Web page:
A Sensible Take on Gaps in Clinical Records

In the ICBC Claim process the number of medical visits following a collision are often scrutinized.  If there is a substantial gap in treatment an argument can be made that the symptoms are recovered and compensation should be limited accordingly.  Reasons for judgement were released recently by the BC Supreme Court, Nanaimo Registry, dealing with such an argument.
In the recent case (Noon v. Lawlor) the Plaintiff suffered from a chronic whiplash injury following a 2009 collision.  ICBC argued that a “large time gap in which the Plaintiff did not seek any medical treatment” was consistent with injury recovery.  Mr. Justice Halfyard rejected this absolute position and provided the following sensible analysis:
[194] A plaintiff’s failure to seek medical attention for relatively long periods of time cannot, by itself, justify the inference that the plaintiff was not experiencing the symptoms which he or she describes at trial. This is particularly so where exercise is the only “treatment” being advised by the plaintiff’s doctor. However, the circumstances in a particular case may warrant the inference that any pain symptoms that were experienced by the plaintiff during these time gaps were not continuous or frequent or alternatively, if they were, then such symptoms of pain were at a low level of intensity, perhaps not much more than discomfort. If one or other of these inferences is drawn, and if that inference is inconsistent with the plaintiff’s description of his or her symptoms at trial, then such inconsistency may adversely affect the plaintiff’s credibility.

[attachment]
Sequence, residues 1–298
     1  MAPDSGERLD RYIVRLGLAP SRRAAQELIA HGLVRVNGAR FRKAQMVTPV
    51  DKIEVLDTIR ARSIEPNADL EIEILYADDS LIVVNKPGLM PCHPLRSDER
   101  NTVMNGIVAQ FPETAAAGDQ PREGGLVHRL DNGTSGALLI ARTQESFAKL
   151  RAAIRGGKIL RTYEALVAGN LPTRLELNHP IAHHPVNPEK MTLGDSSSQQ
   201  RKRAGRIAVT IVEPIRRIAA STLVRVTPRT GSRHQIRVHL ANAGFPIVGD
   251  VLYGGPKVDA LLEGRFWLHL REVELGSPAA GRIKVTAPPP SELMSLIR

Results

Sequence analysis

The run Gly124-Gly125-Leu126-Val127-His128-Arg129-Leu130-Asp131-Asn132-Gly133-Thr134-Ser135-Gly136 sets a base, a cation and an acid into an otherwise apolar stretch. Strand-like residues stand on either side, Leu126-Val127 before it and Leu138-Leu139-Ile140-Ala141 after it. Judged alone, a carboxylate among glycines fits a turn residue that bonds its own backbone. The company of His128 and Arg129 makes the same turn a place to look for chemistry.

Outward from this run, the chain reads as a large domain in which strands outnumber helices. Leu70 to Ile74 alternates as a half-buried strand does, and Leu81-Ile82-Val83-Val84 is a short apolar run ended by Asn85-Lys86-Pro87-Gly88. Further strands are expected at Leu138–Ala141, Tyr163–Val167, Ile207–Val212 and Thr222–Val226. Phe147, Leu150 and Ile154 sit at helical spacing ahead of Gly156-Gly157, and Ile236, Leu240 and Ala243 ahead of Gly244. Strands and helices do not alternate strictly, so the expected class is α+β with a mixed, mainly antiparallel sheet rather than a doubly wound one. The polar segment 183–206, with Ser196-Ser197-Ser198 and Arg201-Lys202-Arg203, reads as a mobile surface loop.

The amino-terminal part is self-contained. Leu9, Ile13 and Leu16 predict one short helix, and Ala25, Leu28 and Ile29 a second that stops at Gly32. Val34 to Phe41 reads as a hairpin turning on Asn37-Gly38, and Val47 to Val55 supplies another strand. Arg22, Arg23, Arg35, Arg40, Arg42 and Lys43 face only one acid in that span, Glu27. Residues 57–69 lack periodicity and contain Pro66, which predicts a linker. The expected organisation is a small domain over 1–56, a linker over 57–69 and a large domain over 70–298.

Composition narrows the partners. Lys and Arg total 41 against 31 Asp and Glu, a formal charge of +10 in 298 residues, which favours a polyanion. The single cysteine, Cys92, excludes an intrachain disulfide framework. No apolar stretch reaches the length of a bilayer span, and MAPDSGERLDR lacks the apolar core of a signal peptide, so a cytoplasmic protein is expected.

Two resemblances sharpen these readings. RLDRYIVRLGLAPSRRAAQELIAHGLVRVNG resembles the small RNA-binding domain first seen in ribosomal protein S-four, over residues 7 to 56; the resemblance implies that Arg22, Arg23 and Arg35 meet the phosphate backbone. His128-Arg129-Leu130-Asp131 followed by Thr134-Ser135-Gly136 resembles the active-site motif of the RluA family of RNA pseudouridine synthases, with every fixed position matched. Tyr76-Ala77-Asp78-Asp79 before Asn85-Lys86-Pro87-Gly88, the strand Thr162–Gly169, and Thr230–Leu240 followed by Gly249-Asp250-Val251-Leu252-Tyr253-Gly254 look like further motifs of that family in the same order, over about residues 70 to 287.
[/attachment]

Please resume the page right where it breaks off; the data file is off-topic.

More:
For more judicial commentary on injury claims and frequency of medical appointments you can click here to access my archived posts.

bc injury law, Frequency of Medical Appointments, Mr. Justice Halfyard, Noon v. Lawlor

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ERIK
MAGRAKEN

Personal Injury Lawyer

When not writing the BC Injury Law Blog, Erik is the managing partner at MacIsaac & Company, based in Victoria, B.C. He is also involved with combative sports regulatory issues and authors the Combat Sports Law Blog.

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